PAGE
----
Friday, August 10, 2012

Honeydew! (not the melon...)

Have you stood under a tree recently and felt "raindrops" falling onto you?  Or maybe you've discovered your car or patio furniture covered in a sticky mess?  Or, maybe similar to my're walking the dog and walk across a part of the sidewalk that causes your shoes to stick?  This is all from honeydew and it seems to be covering Central Texas at the moment.

Aphids being tended by acrobat ants.
Honeydew is the plant sugars that pass through the digestive track of aphids, so to put it bluntly- aphid poop.  Honeydew is sticky and can look like shiny droplets covering surface.  When you have a large population of aphids, then more honeydew is produced and that's when things get messy.  To make things even messier, honeydew can attract a fungus called sooty mold.  Sooty mold is black and grows on the honeydew covered areas.

So why all the honeydew now?  Just think of it as the perfect storm for aphids.  Remember back in July when we had all the rain and it was pouring every day for almost a week?  Wouldn't that be nice right about now?  I it's possible that the weather knocked down populations of natural enemies of aphids.  Yes, it would have knocked down the populations of aphids too, but aphids have the capability of reproducing rapidly and they do a much better job and increasing their population than their natural enemies.  When the natural enemies aren't available to keep the population down to a suitable level, the aphid population explodes and goes to town feeding on trees (and other plants) and creating honeydew and causing a huge mess.

If you are dealing with aphids and/ or honeydew right now, I would suggest blasting them with a high pressure water spray.  That suggestion may or may not be feasible for you depending on how tall the tree is that you are dealing with.  Treating the tree with an insecticide to reduce the aphid population is really not recommended, but if you feel that you MUST treat with an insecticide, then please hire a professional that has proper application equipment and BE AWARE OF DRIFT!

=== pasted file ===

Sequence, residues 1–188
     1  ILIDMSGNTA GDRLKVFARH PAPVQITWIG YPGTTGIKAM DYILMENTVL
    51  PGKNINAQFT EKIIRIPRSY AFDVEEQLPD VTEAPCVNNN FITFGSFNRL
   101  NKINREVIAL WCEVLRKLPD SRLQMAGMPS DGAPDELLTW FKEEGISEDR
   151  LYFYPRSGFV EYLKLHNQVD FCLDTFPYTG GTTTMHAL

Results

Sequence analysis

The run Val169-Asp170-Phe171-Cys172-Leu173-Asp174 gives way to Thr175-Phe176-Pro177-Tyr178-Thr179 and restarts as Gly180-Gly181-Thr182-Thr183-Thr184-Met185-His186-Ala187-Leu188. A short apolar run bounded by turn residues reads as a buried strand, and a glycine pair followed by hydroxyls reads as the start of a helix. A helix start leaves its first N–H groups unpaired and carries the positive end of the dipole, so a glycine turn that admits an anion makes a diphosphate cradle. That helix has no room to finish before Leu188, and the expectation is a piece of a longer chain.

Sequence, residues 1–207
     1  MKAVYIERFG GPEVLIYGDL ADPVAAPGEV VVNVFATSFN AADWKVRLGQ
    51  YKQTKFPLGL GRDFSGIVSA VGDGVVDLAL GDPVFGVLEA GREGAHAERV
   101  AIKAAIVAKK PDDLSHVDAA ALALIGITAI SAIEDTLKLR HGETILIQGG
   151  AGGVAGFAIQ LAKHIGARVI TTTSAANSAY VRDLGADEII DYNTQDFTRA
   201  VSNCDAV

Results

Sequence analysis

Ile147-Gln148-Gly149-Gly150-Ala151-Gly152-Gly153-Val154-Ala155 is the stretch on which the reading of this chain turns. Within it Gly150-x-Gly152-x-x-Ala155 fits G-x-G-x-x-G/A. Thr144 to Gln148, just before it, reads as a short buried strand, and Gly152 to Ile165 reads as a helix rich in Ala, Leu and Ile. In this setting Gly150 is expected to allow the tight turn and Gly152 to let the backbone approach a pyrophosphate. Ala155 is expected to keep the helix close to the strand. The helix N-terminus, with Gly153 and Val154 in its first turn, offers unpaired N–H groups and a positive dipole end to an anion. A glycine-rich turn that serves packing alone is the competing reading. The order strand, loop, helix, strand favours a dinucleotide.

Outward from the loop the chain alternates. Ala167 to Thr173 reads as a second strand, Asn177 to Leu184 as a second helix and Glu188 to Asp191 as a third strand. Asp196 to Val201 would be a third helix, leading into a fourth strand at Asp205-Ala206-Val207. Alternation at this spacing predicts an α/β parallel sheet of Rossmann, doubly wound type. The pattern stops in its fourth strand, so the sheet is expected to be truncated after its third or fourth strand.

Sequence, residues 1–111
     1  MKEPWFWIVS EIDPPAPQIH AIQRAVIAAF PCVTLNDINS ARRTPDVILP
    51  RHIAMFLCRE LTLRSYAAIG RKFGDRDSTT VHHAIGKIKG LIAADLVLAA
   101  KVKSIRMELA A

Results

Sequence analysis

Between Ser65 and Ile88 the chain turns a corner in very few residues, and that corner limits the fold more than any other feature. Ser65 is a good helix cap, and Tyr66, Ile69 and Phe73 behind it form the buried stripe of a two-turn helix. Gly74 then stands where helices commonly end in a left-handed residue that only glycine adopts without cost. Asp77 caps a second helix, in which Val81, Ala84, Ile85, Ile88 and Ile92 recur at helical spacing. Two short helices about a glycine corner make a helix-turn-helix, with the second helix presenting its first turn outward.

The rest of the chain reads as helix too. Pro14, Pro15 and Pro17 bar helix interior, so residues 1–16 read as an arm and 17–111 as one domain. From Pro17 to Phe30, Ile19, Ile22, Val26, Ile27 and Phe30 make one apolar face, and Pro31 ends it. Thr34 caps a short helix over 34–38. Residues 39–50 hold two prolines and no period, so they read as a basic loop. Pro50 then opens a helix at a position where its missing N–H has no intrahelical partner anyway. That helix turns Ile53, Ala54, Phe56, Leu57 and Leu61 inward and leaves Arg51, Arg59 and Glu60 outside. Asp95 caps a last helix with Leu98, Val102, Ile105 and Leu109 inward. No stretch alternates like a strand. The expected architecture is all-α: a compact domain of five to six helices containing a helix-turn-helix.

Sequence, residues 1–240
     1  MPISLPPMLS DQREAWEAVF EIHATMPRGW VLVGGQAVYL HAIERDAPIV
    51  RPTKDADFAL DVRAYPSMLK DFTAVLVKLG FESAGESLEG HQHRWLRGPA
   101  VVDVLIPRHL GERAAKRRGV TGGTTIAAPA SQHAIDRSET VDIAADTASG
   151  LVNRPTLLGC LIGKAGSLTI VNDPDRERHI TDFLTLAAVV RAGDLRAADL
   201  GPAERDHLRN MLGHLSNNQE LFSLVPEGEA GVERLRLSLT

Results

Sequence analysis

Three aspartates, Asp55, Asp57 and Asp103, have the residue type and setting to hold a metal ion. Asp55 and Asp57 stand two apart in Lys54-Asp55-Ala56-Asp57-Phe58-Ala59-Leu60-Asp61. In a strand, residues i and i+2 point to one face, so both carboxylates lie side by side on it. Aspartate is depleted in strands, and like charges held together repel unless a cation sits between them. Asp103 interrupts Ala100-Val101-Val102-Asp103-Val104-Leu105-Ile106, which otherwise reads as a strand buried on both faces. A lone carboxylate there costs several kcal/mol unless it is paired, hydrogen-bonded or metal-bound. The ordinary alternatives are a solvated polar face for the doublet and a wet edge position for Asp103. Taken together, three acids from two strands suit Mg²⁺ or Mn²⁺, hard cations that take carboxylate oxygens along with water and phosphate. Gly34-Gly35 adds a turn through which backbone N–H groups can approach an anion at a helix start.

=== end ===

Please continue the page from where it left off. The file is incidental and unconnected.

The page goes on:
Wednesday, August 8, 2012

Beekeeping basics class in Bexar County

If you are interested in beekeeping or want to know what it entails to be a beekeeper, Texas AgriLife Extension in Bexar County will be hosting a Beekeeping Basics program, September 28- 29 2012.  The course is meant for those with very little to absolutely no experience with beekeeping.  The idea is to help those who have thought about starting a hive for honey production, hobby, environmental stewardship, etc.

This is a great program; you will learn a lot about beekeeping and bee biology.  This in Bexar County's second program, and it is highly recommended that you attend the field day on the 29th, as that is where you will learn the most about the everyday beekeeping world.  You will get to touch a beehive, wear a beesuit, manipulate the hive, do an inspection and really learn what a typical beekeepers day is all about.

September 28th is a classroom day, starting at 9AM and ending at 3PM.  Lunch and snacks will be provided.  Cost is $50, made out to the Bexar County Master Gardeners.  The class tends to fill up very fast so sign up early if you are interested.  Please see the following link for more information:

What: Beekeeping basics class
When: September 28-29, 2012
Where: Bexar County Extension Office 3355 Cherry Ridge, Suite 212 San Antonio, TX 78230
Cost: $50 (made out to Bexar County Master Gardeners)